What is a festival, beyond an artistic programme?
Kraków has between 80 and 100 festivals each year, of various sizes and across all genres of creativity. The city's strategy is to encourage collaboration and complementation between these events, which has proven invaluable in times of unexpected crisis, such as the COVID-19 pandemic and the influx of Ukrainian migrants.
In Birgu (Vittoriosa), the importance of place is of utmost significance. With a population of just 3,000 inhabitants, the city relies largely on private initiatives to organize cultural events. They receive modest support from the local Council, due to the lack of resources and the limited ability to find new funding. The streets and historical buildings of Birgu - such as the Knights of the Order of Malta, shelters from the British army and palaces of the Inquisition - are now the sites for many outdoor events. These cultural activities have become a source of pride for the people of Birgu, providing a sense of community and of a common history despite the fact that the city was heavily bombed during World War II.
European festivals may have an important role to play beyond the actual event itself to reach their full potential as community changer, by providing a context for year-round activities or offering a meeting place for a variety of social groups.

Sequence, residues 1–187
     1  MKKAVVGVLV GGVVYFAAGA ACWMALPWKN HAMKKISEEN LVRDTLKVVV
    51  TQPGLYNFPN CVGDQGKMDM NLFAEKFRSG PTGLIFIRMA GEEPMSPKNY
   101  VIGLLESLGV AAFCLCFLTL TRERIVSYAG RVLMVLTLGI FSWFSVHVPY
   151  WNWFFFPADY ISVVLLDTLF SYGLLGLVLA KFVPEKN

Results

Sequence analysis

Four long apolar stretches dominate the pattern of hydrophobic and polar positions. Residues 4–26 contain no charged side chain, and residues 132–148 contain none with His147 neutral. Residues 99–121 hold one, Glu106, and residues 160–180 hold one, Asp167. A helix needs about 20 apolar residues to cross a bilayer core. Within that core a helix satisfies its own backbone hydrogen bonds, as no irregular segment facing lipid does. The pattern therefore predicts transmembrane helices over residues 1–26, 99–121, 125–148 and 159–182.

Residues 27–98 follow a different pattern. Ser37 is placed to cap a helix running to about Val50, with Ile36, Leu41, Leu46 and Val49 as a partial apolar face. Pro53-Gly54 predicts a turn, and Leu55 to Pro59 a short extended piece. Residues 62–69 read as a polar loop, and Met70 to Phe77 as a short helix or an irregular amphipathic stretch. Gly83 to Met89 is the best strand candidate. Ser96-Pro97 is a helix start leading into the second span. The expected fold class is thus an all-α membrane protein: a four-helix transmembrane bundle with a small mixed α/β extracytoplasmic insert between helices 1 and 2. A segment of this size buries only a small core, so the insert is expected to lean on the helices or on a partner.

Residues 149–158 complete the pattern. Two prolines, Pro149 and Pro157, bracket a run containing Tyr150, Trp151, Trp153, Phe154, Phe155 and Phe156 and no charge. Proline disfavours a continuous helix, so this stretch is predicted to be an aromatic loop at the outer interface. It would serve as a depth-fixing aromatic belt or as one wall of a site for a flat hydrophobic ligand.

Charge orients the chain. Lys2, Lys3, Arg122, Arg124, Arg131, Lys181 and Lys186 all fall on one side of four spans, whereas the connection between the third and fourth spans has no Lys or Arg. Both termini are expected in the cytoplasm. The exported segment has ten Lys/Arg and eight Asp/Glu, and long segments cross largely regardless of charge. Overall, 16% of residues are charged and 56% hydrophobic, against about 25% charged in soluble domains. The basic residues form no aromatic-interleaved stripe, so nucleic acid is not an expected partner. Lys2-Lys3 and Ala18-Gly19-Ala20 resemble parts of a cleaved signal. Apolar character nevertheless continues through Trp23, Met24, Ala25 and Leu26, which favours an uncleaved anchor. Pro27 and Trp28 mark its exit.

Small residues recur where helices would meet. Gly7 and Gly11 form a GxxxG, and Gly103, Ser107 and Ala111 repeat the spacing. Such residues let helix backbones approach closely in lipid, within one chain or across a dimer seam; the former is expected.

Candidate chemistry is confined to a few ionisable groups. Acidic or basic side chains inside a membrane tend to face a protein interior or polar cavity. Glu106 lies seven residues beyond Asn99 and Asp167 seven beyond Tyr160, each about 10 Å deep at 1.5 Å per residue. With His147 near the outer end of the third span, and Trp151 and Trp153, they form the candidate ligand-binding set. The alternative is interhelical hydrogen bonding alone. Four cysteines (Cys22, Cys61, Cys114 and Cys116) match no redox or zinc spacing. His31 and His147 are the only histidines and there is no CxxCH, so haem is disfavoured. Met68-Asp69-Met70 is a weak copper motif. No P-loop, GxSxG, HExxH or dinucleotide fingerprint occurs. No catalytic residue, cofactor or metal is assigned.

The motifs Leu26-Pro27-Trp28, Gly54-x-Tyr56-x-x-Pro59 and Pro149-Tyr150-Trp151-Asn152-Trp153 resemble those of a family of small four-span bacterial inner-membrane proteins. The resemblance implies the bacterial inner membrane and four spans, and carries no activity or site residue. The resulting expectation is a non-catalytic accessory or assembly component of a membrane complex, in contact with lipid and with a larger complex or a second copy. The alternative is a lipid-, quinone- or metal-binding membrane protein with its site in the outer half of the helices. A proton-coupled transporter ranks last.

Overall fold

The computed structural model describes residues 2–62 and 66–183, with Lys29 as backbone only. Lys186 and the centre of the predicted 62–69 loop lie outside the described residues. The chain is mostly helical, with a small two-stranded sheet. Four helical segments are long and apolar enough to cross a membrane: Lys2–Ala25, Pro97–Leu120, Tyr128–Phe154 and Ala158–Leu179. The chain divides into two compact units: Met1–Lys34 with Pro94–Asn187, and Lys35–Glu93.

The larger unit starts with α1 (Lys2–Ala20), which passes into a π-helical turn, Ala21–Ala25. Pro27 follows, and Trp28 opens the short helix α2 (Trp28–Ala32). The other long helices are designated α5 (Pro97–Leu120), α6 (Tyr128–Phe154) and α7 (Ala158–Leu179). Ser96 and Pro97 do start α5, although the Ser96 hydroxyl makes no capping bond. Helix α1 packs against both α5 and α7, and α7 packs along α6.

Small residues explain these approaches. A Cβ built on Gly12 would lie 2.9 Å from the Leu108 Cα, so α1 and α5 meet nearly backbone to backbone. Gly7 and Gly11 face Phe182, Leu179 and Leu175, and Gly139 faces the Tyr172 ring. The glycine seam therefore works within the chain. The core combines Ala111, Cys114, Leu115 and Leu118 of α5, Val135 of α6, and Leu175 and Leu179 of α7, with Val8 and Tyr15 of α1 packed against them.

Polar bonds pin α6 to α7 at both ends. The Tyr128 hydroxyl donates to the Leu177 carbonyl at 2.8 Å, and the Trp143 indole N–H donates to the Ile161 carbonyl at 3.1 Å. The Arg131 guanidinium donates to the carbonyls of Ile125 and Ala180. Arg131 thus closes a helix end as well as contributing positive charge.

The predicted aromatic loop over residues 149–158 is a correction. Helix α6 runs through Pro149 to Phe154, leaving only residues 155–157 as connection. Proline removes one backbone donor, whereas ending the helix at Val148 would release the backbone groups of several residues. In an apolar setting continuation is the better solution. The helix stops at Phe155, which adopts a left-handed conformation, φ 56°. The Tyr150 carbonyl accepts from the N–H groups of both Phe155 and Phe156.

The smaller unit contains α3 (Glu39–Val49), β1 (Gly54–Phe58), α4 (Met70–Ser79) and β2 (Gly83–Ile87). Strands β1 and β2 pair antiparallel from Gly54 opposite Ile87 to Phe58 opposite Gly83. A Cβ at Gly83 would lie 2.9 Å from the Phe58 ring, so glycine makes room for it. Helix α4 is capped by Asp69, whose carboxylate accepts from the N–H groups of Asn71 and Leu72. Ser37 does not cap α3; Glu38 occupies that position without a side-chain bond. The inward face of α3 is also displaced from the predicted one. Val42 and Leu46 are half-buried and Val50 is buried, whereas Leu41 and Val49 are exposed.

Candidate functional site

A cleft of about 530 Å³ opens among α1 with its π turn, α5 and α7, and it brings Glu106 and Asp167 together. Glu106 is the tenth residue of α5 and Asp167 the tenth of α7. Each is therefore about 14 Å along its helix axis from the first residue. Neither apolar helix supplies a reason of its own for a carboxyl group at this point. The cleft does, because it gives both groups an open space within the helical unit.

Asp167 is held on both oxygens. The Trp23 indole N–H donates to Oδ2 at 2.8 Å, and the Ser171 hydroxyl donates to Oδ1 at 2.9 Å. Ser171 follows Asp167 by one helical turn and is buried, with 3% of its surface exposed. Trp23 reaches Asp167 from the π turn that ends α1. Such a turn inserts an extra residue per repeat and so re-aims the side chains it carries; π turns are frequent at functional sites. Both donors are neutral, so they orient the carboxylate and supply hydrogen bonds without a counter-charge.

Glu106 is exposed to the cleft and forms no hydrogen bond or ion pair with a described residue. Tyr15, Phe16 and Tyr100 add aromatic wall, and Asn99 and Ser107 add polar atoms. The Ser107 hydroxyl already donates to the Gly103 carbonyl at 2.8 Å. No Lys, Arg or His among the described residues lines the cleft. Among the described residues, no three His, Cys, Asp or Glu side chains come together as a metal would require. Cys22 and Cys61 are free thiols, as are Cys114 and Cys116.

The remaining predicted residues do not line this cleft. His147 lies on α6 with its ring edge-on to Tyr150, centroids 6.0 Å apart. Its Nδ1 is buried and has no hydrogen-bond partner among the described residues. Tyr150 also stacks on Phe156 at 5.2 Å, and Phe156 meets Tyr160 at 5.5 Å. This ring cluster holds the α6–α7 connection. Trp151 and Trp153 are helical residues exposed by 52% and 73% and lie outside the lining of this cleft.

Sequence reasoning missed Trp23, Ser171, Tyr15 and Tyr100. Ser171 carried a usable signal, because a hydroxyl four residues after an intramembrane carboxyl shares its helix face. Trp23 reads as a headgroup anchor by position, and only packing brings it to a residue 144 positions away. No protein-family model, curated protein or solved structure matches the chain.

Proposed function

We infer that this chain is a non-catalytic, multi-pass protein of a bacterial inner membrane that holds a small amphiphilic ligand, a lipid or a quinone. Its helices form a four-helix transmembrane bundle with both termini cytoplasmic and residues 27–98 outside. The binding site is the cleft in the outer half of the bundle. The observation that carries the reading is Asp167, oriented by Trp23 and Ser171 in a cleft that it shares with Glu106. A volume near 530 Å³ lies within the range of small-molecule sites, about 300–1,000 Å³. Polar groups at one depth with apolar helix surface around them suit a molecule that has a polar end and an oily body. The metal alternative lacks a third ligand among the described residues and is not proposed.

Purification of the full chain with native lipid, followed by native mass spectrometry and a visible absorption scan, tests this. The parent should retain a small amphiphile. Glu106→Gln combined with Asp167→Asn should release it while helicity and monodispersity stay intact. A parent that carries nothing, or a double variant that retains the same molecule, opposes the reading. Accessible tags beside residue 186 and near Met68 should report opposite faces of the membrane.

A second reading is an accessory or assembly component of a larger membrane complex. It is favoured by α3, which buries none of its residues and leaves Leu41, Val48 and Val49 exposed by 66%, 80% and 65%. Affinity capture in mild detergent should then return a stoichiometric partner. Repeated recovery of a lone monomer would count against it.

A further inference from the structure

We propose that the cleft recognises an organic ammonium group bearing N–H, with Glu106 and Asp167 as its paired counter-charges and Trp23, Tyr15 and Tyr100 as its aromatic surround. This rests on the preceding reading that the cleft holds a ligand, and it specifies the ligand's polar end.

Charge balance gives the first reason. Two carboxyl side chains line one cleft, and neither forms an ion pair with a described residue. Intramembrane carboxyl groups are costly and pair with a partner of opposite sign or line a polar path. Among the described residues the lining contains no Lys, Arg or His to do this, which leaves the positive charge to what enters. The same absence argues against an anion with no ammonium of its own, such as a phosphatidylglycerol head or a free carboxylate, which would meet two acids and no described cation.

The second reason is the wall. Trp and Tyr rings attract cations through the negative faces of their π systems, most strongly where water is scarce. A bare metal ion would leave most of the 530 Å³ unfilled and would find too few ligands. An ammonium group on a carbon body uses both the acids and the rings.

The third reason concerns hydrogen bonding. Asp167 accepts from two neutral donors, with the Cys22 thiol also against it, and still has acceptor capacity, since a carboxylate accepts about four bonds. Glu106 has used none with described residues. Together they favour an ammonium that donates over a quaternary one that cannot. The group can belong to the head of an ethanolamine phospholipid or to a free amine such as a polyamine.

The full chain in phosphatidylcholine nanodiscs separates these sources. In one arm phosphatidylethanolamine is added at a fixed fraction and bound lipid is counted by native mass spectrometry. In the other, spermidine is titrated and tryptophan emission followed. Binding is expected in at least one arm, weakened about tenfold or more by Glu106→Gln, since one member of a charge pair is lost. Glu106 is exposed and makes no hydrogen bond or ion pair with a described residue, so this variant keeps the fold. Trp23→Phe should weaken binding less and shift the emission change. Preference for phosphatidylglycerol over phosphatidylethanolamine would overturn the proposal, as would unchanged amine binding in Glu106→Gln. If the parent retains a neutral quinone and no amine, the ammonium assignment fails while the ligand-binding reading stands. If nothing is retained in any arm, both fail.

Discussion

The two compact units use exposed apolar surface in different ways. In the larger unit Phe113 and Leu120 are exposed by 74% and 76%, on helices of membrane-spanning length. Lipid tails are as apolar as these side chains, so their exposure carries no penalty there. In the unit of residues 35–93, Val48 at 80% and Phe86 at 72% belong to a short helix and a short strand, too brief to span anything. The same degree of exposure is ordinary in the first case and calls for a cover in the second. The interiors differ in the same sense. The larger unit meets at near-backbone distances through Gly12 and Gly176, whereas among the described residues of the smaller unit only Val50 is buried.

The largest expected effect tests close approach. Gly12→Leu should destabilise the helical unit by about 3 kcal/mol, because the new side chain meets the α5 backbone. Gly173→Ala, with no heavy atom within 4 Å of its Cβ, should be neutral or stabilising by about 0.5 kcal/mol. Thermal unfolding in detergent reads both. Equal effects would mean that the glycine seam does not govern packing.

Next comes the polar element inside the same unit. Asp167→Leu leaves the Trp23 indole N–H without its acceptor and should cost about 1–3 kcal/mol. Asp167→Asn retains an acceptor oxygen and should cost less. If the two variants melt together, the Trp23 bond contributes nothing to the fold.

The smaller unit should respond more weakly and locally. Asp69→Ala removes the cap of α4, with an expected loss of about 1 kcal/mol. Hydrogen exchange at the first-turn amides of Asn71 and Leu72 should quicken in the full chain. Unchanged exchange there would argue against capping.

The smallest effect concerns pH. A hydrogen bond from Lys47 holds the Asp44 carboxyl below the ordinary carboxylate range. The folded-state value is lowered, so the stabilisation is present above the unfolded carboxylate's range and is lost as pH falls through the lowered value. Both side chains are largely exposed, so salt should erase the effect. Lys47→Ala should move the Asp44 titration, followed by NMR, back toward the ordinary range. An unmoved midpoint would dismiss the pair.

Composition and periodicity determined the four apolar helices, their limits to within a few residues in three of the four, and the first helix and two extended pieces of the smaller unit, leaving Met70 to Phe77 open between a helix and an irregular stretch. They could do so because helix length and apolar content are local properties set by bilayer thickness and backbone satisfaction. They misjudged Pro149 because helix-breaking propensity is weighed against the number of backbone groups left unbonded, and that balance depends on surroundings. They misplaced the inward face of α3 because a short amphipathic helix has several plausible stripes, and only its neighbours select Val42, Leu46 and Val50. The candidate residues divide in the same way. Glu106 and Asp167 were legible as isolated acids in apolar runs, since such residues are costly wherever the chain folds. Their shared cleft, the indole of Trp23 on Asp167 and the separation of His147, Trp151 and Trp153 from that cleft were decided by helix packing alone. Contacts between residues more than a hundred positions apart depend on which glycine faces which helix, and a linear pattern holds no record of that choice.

What are the spaces for dialogue between your municipalities, festivals and citizens ?
Examples from Leeuwarden and Bergen were presented, illustrating how municipalities are collaborating with festivals to address social issues such as poverty and cultural diversity, as well as promoting sustainable development. The aim is to engage festivals in a continuous dialogue about these issues, while providing public spaces for festivals and grant incentives, without compromising their artistic programming. However, this can potentially create tension with the local arts scene, which may feel more obligated to serve a social purpose than to shape the future of society.
In Kraków, the Jewish Cultural Festival is a collaborative effort between multiple institutions ranging from heritage conservationists to public libraries, movie and music festivals, taking place within the historic Jewish quarter of the city's center. It is a good opportunity both to adress issues related to the history of Kraków and the Jewish diaspora, artistic creation, contemporary issues that reaches both a local and international audience. Given the Municipality’s support of existing established festivals, how to provide supplementary support to new festival initiatives?
The city of Guimarães, when preparing its European Capital of Culture candidacy, established a meeting place where citizens, artists, and representatives of local authorities could collaborate in creating projects that would further the objectives of social cohesion and solidarity.
In a similar approach, the Brussels 2030 projects seeks to structure the city's future through the implementation of a youth parliament, the cooperation of local stakeholders to outline an idea of futur public spaces and activities to inspire the collective imagination of the city.
This open and lively conversation continued with the presentation of the FestivalFinder.eu website.video (youtube) other contents (dropbox)